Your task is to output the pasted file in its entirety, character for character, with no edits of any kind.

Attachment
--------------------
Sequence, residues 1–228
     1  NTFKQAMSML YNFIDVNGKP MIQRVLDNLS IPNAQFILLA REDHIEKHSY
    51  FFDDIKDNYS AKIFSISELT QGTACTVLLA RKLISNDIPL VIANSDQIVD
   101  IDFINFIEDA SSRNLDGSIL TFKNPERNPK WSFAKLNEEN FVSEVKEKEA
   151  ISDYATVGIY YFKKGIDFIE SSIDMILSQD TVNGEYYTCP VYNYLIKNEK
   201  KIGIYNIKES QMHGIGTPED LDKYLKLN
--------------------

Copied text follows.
Sequence, residues 1–228
     1  NTFKQAMSML YNFIDVNGKP MIQRVLDNLS IPNAQFILLA REDHIEKHSY
    51  FFDDIKDNYS AKIFSISELT QGTACTVLLA RKLISNDIPL VIANSDQIVD
   101  IDFINFIEDA SSRNLDGSIL TFKNPERNPK WSFAKLNEEN FVSEVKEKEA
   151  ISDYATVGIY YFKKGIDFIE SSIDMILSQD TVNGEYYTCP VYNYLIKNEK
   201  KIGIYNIKES QMHGIGTPED LDKYLKLN